Summary: Having a right attitude toward our possessions/being to give generously sets the soul free to grow and love.
True Spirituality Series
Freedom for Your Soul
Dr. Roger W. Thomas, Preaching Minister
First Christian Church, Vandalia, MO
A couple of months ago, the AARP magazine carried an interesting interview with Katie Couric. You know her as the host of the NBC Today Show. In 1998 Katie lost her 42-year old husband to a six-month battle with colon cancer. Four years later her sister died. The reporter asked her how these two losses affected her. Katie replied, “I’m very interested in exploring a more spiritual side of me, and I’m in the process of doing that, both formally and informally. I really envy those who have a steadfast, unwavering faith, because I think it’s probably so comforting and helpful during difficult times." (Cable Neuhaus, "Whatever Katie Wants," AARP (November/December 2005).
Katie speaks for a lot of Americans. We live in the freest, most prosperous nation on the earth. Even the poorest of us are better off than most of the world. We are far better off than our ancestors. We have unbelievable modern conveniences. Unlimited opportunities abound. Yet a spiritual vacuum lurks beneath that façade of prosperity. Many are looking for something more.
For a growing number of folk, that “something more” falls under the heading of “spirituality.” Spirituality can be a pretty slippery label. By spirituality, some folk mean any kind of emotional experience. The more bizarre the better. Others think of elaborate rituals and ceremonies involving lots of incense and chanting. For some, spirituality comes through self-denial. It requires a rejection of all the creature comforts that come with normal life. Spirituality is discovered by becoming a vegetarian or moving to a mountain top retreat. Almost always, spirituality means something totally apart from normal, daily life. There lies the problem! We are left wondering if spirituality can be experienced by regular folk.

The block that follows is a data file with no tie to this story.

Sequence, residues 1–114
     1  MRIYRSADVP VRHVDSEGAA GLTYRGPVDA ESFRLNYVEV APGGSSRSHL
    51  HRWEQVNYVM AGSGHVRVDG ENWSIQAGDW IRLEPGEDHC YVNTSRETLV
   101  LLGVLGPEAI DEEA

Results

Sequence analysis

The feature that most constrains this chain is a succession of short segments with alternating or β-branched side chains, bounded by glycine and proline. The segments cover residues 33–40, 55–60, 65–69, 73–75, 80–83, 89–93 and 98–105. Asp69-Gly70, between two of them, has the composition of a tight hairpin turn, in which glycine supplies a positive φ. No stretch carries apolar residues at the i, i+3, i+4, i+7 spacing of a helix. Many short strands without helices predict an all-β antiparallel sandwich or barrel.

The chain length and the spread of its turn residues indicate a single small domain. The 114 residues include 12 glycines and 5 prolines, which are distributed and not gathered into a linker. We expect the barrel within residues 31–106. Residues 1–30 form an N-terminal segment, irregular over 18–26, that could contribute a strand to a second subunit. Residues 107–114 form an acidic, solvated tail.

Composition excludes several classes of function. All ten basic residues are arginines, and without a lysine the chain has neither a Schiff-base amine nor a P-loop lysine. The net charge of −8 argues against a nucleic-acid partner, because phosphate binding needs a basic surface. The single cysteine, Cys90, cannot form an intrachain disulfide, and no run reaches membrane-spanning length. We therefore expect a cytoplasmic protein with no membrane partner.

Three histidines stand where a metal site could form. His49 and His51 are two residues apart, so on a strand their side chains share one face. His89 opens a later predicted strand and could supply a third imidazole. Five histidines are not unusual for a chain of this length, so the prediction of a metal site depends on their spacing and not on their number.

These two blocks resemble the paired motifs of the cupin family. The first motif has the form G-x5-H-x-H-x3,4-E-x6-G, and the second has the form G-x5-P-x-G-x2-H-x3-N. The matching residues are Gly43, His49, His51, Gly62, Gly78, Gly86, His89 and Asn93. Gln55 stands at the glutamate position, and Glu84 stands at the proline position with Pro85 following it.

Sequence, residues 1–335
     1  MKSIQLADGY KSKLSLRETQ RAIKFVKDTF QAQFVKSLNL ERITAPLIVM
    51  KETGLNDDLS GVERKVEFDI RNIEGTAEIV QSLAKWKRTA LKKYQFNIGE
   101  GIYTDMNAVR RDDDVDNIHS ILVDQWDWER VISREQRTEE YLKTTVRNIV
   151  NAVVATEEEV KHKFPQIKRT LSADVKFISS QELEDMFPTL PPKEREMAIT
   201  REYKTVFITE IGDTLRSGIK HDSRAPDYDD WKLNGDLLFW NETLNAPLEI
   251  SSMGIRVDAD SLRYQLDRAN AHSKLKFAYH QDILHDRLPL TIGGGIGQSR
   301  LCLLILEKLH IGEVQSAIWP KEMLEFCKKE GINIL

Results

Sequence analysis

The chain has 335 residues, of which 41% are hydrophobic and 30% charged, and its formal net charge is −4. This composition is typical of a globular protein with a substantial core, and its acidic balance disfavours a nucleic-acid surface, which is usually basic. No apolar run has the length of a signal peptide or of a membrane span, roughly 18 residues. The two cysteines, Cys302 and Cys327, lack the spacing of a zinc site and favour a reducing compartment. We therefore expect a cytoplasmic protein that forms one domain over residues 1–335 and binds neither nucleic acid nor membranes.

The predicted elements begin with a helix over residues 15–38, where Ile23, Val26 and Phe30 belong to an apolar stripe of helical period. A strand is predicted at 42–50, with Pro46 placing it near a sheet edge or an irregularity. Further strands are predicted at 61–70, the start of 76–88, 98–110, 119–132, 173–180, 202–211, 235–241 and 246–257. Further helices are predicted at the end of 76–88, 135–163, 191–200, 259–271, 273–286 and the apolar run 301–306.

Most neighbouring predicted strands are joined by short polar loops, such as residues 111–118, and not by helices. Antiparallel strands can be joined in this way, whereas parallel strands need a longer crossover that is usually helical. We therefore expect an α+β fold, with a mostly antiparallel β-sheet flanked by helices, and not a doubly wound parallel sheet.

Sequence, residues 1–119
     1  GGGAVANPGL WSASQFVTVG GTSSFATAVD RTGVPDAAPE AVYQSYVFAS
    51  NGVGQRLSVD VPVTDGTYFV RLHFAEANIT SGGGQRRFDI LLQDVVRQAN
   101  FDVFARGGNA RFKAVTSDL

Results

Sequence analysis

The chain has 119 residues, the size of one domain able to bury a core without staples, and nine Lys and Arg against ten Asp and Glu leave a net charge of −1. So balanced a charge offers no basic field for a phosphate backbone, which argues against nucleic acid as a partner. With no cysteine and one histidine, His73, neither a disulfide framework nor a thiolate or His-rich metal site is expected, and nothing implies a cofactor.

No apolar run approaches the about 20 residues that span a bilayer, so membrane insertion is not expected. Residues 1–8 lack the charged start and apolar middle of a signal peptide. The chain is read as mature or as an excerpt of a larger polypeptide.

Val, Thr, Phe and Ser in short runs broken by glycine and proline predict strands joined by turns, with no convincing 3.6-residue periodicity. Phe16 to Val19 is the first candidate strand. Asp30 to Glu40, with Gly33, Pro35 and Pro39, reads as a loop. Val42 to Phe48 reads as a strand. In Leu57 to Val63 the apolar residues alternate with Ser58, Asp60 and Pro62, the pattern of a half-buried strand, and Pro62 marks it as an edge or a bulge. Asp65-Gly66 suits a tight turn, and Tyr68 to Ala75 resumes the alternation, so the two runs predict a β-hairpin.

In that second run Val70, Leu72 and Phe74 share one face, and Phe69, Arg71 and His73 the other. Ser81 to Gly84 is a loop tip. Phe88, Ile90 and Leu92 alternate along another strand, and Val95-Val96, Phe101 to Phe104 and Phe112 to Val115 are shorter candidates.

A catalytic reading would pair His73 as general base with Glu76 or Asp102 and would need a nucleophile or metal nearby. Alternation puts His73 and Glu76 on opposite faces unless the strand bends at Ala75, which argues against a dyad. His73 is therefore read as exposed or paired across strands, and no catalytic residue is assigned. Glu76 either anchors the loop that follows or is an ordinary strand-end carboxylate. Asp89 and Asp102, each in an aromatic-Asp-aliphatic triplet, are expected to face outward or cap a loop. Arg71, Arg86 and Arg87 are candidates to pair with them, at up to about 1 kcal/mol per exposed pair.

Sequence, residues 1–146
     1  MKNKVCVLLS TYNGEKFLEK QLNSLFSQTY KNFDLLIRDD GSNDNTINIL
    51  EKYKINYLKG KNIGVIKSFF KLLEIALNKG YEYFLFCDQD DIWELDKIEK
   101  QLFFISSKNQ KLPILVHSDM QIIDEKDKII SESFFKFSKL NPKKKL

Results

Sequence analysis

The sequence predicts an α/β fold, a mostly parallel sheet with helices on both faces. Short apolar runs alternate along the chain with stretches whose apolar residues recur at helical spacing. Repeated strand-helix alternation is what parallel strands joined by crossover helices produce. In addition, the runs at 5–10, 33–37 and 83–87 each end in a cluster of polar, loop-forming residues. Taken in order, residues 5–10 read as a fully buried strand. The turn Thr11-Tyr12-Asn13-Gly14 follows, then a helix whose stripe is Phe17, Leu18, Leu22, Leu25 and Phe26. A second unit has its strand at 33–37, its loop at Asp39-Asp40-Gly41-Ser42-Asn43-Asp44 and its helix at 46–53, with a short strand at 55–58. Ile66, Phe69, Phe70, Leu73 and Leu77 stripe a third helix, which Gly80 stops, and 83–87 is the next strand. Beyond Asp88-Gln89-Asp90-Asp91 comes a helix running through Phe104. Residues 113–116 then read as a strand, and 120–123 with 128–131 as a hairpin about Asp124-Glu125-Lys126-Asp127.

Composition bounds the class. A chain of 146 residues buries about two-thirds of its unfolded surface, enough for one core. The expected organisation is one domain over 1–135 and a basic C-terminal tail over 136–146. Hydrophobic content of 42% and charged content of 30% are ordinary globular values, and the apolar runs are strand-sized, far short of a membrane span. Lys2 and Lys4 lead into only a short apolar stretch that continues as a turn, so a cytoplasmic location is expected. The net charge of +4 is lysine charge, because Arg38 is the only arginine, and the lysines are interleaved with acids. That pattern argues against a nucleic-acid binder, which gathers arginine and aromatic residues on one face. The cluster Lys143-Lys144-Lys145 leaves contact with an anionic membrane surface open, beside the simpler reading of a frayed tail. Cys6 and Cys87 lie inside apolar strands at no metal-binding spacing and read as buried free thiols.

That’s our theme for the first couple of months of the New Year. We are looking at True Spirituality: Finding the Life You’ve Always Wanted. We are searching for the path to that “steadfast, unwavering faith” that Katie says she yearns for.
I start with two assumptions. First, you want to be more spiritual. There is not a one of you that doesn’t want a deeper, closer relationship with God. Secondly, I am convinced this (Bible) is our starting place. The Lord hasn’t left us on our own. He provided a road map that points the way to a treasure of spiritual blessing.
Today our roadmap takes us back to the Sermon on the Mount. This is Jesus’ classic instructions about living a life that pleases God. At the beginning of Matthew 6, Jesus outlines three important activities that are proven paths to a truly spiritual life—charity, praying, and fasting.
A lot of modern folk are surprised that Jesus even takes up these topics. For them, spirituality is private, internal, or emotional. In these paragraphs, Jesus moves spirituality into the realm of observable behavior. Jesus uses the Jewish term “acts of righteousness.” Everyone in his day understood that these were things that anyone interested in knowing God did. Jesus doesn’t question that.